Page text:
A child locked in a car in the sun would experience a rise in body temperature of up to three degrees in an hour. Any greater restriction would result in death.

Temperatures were measured on June 25, 2017 from 1:10 p.m. to 2:10 p.m

A child’s body temperature would rise 3 degrees in an hour

A child locked in a car in the sun would experience a rise in body temperature of up to three degrees in an hour. Any greater restriction would result in death.

Temperatures were measured on June 25, 2017 from 1:10 p.m. to 2:10 p.m

Direct sunlight was decisive for the study. The authors also took measurements with the vehicle in the shade and temperatures were much lower. The air in the car increased by only one degree. Compared to the values ​​​​measured in the sun, a difference of more than 30 degrees was measured on the dashboard and 15 degrees on the seats.

The color of the vehicles also affects the temperature that the body and interior of the car can reach. Aemet researcher and physicist Juan Jesús González Alemán explains: “Light colors reflect heat, and that’s like a barrier against the sun. These colors limit the heat absorbed by the materials.” These are the temperatures recorded by differently colored vehicles on one of the hottest days of the second heat wave that hit Spain this July.


Under the same conditions, the black car backed up 25 degrees more as a white one.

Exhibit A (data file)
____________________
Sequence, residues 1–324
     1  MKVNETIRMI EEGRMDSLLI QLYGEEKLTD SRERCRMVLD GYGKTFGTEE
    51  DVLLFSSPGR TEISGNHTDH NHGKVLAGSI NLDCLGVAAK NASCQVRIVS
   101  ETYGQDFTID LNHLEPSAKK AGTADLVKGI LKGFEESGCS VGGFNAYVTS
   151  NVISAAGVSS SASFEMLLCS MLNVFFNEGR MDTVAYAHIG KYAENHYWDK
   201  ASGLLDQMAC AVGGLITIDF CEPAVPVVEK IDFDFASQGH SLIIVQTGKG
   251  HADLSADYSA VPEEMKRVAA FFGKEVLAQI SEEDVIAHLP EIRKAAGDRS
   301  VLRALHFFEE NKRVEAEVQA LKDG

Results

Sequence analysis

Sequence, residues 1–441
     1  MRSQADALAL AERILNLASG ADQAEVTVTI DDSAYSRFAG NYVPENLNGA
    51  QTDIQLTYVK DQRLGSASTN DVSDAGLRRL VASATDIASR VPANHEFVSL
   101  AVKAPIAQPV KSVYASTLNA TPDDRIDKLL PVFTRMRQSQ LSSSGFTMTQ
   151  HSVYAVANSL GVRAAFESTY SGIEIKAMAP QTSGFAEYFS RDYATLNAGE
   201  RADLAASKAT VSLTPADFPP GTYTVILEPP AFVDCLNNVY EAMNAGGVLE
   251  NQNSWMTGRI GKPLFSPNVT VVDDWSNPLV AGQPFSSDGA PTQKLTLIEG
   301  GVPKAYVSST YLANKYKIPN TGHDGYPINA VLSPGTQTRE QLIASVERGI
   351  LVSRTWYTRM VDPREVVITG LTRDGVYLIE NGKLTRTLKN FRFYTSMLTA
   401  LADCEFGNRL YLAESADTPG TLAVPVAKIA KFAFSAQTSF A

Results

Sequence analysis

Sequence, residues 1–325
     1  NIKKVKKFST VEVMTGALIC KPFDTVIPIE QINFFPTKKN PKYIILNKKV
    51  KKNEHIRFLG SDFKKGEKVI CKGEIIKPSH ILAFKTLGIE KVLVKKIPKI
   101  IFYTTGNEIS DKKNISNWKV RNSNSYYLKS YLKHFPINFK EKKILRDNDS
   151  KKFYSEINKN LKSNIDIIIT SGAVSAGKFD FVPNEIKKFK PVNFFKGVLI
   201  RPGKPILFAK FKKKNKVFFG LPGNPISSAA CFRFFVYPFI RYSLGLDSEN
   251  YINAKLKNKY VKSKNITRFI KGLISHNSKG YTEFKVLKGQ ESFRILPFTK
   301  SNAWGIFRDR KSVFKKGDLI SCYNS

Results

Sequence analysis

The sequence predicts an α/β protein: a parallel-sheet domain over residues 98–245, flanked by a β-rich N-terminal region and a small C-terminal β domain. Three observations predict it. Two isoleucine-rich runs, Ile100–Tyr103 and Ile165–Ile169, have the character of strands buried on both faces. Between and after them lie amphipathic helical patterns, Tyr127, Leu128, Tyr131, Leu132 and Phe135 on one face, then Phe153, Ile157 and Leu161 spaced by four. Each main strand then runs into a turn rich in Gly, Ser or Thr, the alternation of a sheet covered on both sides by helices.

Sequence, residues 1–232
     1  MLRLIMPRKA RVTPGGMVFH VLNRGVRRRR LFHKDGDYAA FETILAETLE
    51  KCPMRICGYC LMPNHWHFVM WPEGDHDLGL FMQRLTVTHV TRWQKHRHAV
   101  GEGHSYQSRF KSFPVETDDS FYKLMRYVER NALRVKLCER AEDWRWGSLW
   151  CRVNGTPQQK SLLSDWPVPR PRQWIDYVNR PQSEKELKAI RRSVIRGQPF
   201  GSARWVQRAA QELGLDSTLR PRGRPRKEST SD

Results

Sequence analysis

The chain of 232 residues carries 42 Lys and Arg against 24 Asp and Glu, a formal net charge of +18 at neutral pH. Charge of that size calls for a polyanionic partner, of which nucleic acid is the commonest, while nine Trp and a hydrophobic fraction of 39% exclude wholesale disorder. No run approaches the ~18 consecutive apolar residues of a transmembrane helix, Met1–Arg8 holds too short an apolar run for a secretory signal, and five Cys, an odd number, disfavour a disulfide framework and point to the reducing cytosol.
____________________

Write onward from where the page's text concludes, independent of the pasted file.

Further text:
Temperatures measured at 17:00 in three vehicles exposed to the sun all day.

Temperatures measured at 17:00 in three vehicles exposed to the sun all day.

Under the same conditions, the black car backed up 25 degrees more as a white one.

Temperatures measured at 17:00 in three vehicles exposed to the sun all day.

Under the same conditions, the black car backed up 25 degrees more as a white one.

heat-related deaths

Not only extreme situations like children in closed cars have to be avoided. Heat is directly or indirectly responsible for hundreds of deaths during the summer months. Between July 10 and 18, the heat wave left a tally of 863 temperature-related deaths, according to estimates by the Carlos III Institute’s Daily All-Cause Mortality Monitoring Board (Momo), a calculation based on the historical series of mortality and temperature.


Fatalities from overheating

second heat wave

July 2022

Fatalities from overheating

second heat wave

July 2022

While not all of these high temperature deaths are due to heat stroke, they do give some idea of ​​the magnitude of the problem and underscore the importance of understanding how heat behaves and how it affects the human body.

Why are maximum temperatures recorded in the afternoon?

Thinking that maximum temperatures occur around midday, when the sun is at its highest and the rays are more intense, is another misconception that can lead to the wrong timing of a particular outdoor activity becomes. “The ground needs time to absorb the solar radiation, it is not an immediate effect,” indicates meteorologist González Alemán and continues: “The maximum heat emitted by the ground, which in turn warms the air, occurs around four o’clock in the evening. when the heat given off is greater than the heat absorbed.


solar power

absorbed

on the ground

delivered energy

on the ground

Source: Meteorologist Juan Jesús González Alemán, via Twitter

solar power

absorbed

on the ground

delivered energy

on the ground

Source: Meteorologist Juan Jesús González Alemán, via Twitter

credits

development Jacob Vicente Lopez

edition Javier Galan

methodology

Temperatures collected in this report were taken in Madrid on July 17, 2022 at 17:00. A was used Infrared digital thermometer industrially suitable for measuring temperatures on surfaces.

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Source elpais.com